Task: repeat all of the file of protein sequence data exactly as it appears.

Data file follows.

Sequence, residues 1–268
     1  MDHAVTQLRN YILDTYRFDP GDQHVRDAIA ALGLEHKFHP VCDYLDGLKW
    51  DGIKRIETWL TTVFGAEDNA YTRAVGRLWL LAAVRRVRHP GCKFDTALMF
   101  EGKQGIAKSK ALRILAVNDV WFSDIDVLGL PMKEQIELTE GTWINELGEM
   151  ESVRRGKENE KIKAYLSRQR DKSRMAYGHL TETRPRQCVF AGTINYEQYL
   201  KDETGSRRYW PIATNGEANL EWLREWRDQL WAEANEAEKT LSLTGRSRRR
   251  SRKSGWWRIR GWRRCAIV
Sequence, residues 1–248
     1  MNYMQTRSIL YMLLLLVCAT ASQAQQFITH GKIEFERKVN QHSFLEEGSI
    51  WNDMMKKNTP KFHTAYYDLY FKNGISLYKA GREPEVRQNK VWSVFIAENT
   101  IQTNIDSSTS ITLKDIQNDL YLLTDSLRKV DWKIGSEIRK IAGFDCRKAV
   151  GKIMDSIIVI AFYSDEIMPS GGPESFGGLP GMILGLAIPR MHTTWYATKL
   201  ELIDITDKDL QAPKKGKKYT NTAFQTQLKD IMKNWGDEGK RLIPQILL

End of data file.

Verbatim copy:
Sequence, residues 1–268
     1  MDHAVTQLRN YILDTYRFDP GDQHVRDAIA ALGLEHKFHP VCDYLDGLKW
    51  DGIKRIETWL TTVFGAEDNA YTRAVGRLWL LAAVRRVRHP GCKFDTALMF
   101  EGKQGIAKSK ALRILAVNDV WFSDIDVLGL PMKEQIELTE GTWINELGEM
   151  ESVRRGKENE KIKAYLSRQR DKSRMAYGHL TETRPRQCVF AGTINYEQYL
   201  KDETGSRRYW PIATNGEANL EWLREWRDQL WAEANEAEKT LSLTGRSRRR
   251  SRKSGWWRIR GWRRCAIV
Sequence, residues 1–248
     1  MNYMQTRSIL YMLLLLVCAT ASQAQQFITH GKIEFERKVN QHSFLEEGSI
    51  WNDMMKKNTP KFHTAYYDLY FKNGISLYKA GREPEVRQNK VWSVFIAENT
   101  IQTNIDSSTS ITLKDIQNDL YLLTDSLRKV DWKIGSEIRK IAGFDCRKAV
   151  GKIMDSIIVI AFYSDEIMPS GGPESFGGLP GMILGLAIPR MHTTWYATKL
   201  ELIDITDKDL QAPKKGKKYT NTAFQTQLKD IMKNWGDEGK RLIPQILL